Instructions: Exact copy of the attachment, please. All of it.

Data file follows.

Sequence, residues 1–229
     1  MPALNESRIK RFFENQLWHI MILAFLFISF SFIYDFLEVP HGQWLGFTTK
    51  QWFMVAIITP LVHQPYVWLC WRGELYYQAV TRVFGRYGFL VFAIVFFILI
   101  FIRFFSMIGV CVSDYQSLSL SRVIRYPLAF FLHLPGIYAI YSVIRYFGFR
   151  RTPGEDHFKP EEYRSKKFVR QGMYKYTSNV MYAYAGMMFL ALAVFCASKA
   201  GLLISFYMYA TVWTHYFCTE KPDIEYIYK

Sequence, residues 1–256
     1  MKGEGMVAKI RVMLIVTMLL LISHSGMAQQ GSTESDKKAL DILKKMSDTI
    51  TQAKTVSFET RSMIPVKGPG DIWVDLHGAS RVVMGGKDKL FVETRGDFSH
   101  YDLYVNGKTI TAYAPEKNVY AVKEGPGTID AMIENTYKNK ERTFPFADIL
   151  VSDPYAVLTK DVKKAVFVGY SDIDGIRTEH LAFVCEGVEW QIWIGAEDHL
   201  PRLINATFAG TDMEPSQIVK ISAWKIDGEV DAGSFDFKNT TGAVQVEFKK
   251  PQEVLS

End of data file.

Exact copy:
Sequence, residues 1–229
     1  MPALNESRIK RFFENQLWHI MILAFLFISF SFIYDFLEVP HGQWLGFTTK
    51  QWFMVAIITP LVHQPYVWLC WRGELYYQAV TRVFGRYGFL VFAIVFFILI
   101  FIRFFSMIGV CVSDYQSLSL SRVIRYPLAF FLHLPGIYAI YSVIRYFGFR
   151  RTPGEDHFKP EEYRSKKFVR QGMYKYTSNV MYAYAGMMFL ALAVFCASKA
   201  GLLISFYMYA TVWTHYFCTE KPDIEYIYK

Sequence, residues 1–256
     1  MKGEGMVAKI RVMLIVTMLL LISHSGMAQQ GSTESDKKAL DILKKMSDTI
    51  TQAKTVSFET RSMIPVKGPG DIWVDLHGAS RVVMGGKDKL FVETRGDFSH
   101  YDLYVNGKTI TAYAPEKNVY AVKEGPGTID AMIENTYKNK ERTFPFADIL
   151  VSDPYAVLTK DVKKAVFVGY SDIDGIRTEH LAFVCEGVEW QIWIGAEDHL
   201  PRLINATFAG TDMEPSQIVK ISAWKIDGEV DAGSFDFKNT TGAVQVEFKK
   251  PQEVLS